Патент USA US2105801код для вставки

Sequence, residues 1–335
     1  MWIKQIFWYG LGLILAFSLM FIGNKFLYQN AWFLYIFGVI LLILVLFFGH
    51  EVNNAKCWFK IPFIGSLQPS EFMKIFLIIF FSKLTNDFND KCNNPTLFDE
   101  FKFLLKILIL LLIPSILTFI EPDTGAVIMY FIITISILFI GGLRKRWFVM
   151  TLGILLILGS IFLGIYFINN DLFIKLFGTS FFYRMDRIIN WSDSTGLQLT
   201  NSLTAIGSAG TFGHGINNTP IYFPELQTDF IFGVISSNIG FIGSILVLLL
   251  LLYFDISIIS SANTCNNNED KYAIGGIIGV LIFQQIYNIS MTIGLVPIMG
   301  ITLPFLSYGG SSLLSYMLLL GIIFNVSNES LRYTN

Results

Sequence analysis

Jan. 18, 1938. A. E. WATTS 2,105,801 BOILER Filed May‘4, 1956 2 Sheets-Sheet 1 Jan. 18, 1938. A, E‘WATTS ‘2,105,801 BOILER _Filed Méy 4, 1956 2 Sheets-Sheet 2 ' 2,105,801 Patented Jan. 18, 1938 UNITED STATES 2,105,801 BOILER Albert Edward Watts, Montreal, Quebec, Canada Application May 4, 1936, Serial No. 77,741 4 Claims. (Cl. 122-149) The invention relates to boilers as described portion l5 through the plate ii to the plate H3. in the present speci?cation and illustrated in the accompanying drawings that form part of the same. > The invention consists essentially in directing the course of the water within the boiler to insure a ?ushing current and ?ash action and to in~ crease the extent of the heating surface as point ed out in the claims for novelty following a de 10 scription in detail of the structural features par ticularly useful in the generation of steam, though with some modi?cation it may be applied to the heating of water for radiation purposes. The objects of the invention are to hasten the 15 generation of steam in comparatively large in stallations, in fact to practically make this in vention a ?ash boiler type; to automatically and continuously flush the boiler and keep it clear of scale and incrustations and maintain its good steaming properties; to improve circulation of the water and so arrange the ?re as to present a heating surface practically everywhere to the water, and generally for heating purposes, ma rine and stationary equipment conserve the fuel and increase efficiency. Referring to the drawings, Figure l is a longi tudinal vertical section of the boiler. ‘ Figure 2 is a vertical cross sectional View on the line 2-2 of Figure 1, showing the preheated water feed to the circulatory inducing passages. Figure 3 is a vertical cross sectional view on the line 3-3 of Figure l and showing the wall of the preheating chamber broken away. Figure 4 is a detail of the domestic hot water connections to the boiler tube. Figure 5 is a perspective View of the boiler showing the rear end partly cut away to expose the combustion passages and preheater. Figure 6 is a prospective view of the boiler from the front end and showing an oil burner mounted at the mouth of the combustion cham ber and partly broken away to show the combus tion passages. Like numerals of references indicate corre 45 sponding parts in the various ?gures. The boiler casing is made up of the main tubu lar portion l5 extending the full length with the intermediate dome section 16. This dome sec tion forms the water and steam chamber and has the end plates I‘! and I8 let into and form ing divisions in the tubular portion l5. A plate l9 forms the top and side walls sealing the water and steam chamber. The main combustion chamber 20 extends from 55 the front plate 2| closing the end of the tubular The lower portion 22 extends beyond the plate it and has its horizontal edges bent outwardly at 23 to form a horizontal division cutting off and diverting the products of combustion as will be described hereinafter. A water preheater in the form of a hollow cast ing 21‘: forms the end wall of the main com bustion chamber 2%}, while the rear end of the tubular portion 55 is closed by the plate 25. Fire tubes 2% are mounted in the walls I’! and i8 and form passages from the rear of the com bustion chamber 20 above the divisions 23 to the front chamber 2? and from this chamber to the rear chamber 28 below the divisions 23, the ou+~ 15 let 2!: leads to the smoke stack. The water and steam chamber it is provided with ba?ies 3E! and 3! spaced between the tubes and, the wall l9 and extend the full length of the chamber. These baffles follow the contour of the wall and converge inwardly to near the bot tom center while at their upper end they sweep inwardly to form open mouthed passages 32 and 33. The water preheater Ed has a water inlet pipe 25 34 connected at its lower end, leading from a connecter 35 which is one of a series connecting the water chamber it with the sludge chamber 36, while the outlet 3? divides into two pipes 31 and 38 leading into the water chamber it at the water lever. The ends of these pipes are directed into the circulatory passages 32 and 33. The combustion chamber 28 has three ex pansions formed of ?ve brick rings 39 and ‘it and has the burner opening ‘it with which the oil burner unit ii?! is connected as illustrated in Figure 6. A sight tube 133 open at both ends is set into the rear end wall 25 and through the preheater casting 24, and is suitably closed at the outer end by a glass lie, or other transparent and heat resistant material. This tube 43 is provided with an opening t5 to provide a. short circuit of the products of combustion direct‘ to the chamber 28 and the smoke stack. 45 Domestic hot water is provided by utilizing two or more of the tubes 26 and for this purpose the back of the plates H and it have the bosses 46 welded thereon about the tubes into which the studs 4? "are screwed, these studs hold the tapered plugs 188 and plates 59. The tapered plugs 48 effectively seal the ends of the tubes, while the glands is seal the ?ttings 50. The ?ttings 55 are connected together at one end to form a return connection and at the other end connect 55 2 2,105,801 with the pipes 51 and 52 forming the feed and return of the domestic hot water system. A ?ller tube 53 having its ends ?attened and. sealed is centrally placed and set in the tubes 26 used for the hot Water system and are held in position by the pins 54. A main steam outlet 55 is provided on the top of the dome together with outlets for various other purposes such as pressure gauges and water 10 gauges. In the operation of this boiler, the products of combustion are continuously in contact and pro viding heating surfaces against the body of water, and it is the ?rst contact of the products of com they again contact the preheater and its inlet and outlet pipes, this instant and constant heat ing of the small body of water in the preheater which is at once delivered to the boiler, gives to the ‘boiler the character of a ?ash type where steam is generated almost instantly and the water is agitated and circulated giving exceed ingly high e?iciency in the generation of steam. The baf?e plates are adaptable to almost any type of boiler and are specially effective in cir 10 culating the’ water in the Scotch type boiler where a relatively large body of water has to be agi tated and circulated. In hot water boilers, the preheater can be used 15 bustion against the face of the preheater casting, for many other purposes, such as delivering hot which contains a comparatively small body of water, that causes rapid heating of this body, causing the hot water to circulate through the pipes 31 and 38, at the same time drawing cold 20 water from the bottom of the boiler through the pipe 343. The discharge pipes 3'1 and 38 discharge the heated water behind the ba?les 38 and 3!, and this water being under circulatory pressure, is forced down in the passages 32 and 33 expel 25 ling the colder water out at the lower end of the ba?ie allowing the heated water to follow into the main body of water, and its natural water or steam‘to humidi?ers or the like. What I claim is ;--~ 1. In a boiler, a ?re chamber terminating in a water wall, a water chamber about said ?re chamber, baffles spaced from the walls of said Water chamber and forming open ended circu latory passages, a water connection from the bot tom of the water chamber to said water wall and. discharge pipes from said water Wall to said water chamber and directing a ?ow of preheated Water into said passages. ' tendency to ascend causes an internal circulation 2. In a boiler, a ?re chamber terminating in a water wall, a water chamber about said ?re in each side of the boiler around the ba?les, which 30 at the same time is constantly forced by the chamber, ba?les spaced from the walls of said water chamber. and forming open ended. circula feeding of freshly heated water from the pre heater. There are therefore three circulations in the boiler, the main circulation from the ‘bot tom of the boiler through the preheater to. the 35 tops of the passages 32 and 33, and the two circu lations around the bail‘les, causing a rapid turbu lence particularly noticeable at the water level breaking up and dispersing oxygen bubbles there by preventing them from adhering to the metal 40 surfaces and thereby preventing the gradual eat ing away of the metal at the water level which in the past has been the cause of serious damage and the reduction of the life of the boiler. ‘ This continual turbulence and positive circulation of 45 the water also carries all vegetable matter in the water down behind the ba?les and e?ectively pre vents it gathering into lumps, it is in fact in time forced down into the sludge chamber through the connectors 35and the same thing happens 50 with any scale formed. The water in the sludge chamber is entirely outside the effect of the circu lations and relatively cool and for this reason the sludge is kept in a soft state and easily removable. All heating surfaces are therefore kept free of 55 deposits with subsequent freedom fromiburned out spots. a The products of combustion after contacting the pre-heater are diverted back through the ?re tubes above the plates 23 to the front chamber 60 2? and thence through the lower tubes to the chamber 28 and thence through the outlet 29 to the smoke stack. During all this travel the prod, tory passages, a sludge chamber below said water chamber and directly connected therewith, a water connection from the bottom of the water chamber to said wall and discharge pipes from said water wall to said water chamber and di recting a ?ow of preheated water into said pas sages. 3. In a boiler, a ?re chamber having a burner opening and stepped ?re brick linings leading to a main tubular section terminating in a water 40 wall preheater, a water chamber about said ?re chamber, ba?les spaced from the walls of said water chamber and forming open ended circula tory passages, a water connection from the bot tom of the water chamber to said water wall, and discharge pipes from said water wall to said water chamber and directing a flow of preheated water into said passages ' 4. In a boiler, a ?re chamber terminating in a water wall ba?le forming a preheater, an upper > chamber, a front compartment at the end of the fire chamber and a rear compartment, passages connecting the upper chamber with the front chamber and the front chamber with the rear chamber, a Water chamber having end. walls forming the divisions of said front and rear and upper chambers and side walls terminating in a steam dome, bail‘les spaced from side walls and forming open ended passages, discharge pipes connecting said preheater with the tops of said 60 passages and return connections from the boiler to- the preheater adapted to start a circulation ucts of combustion are giving up heat to water ' from the preheater through the boiler. covered surfaces and at the end of their travel, ALBERT EDWARD WATTS.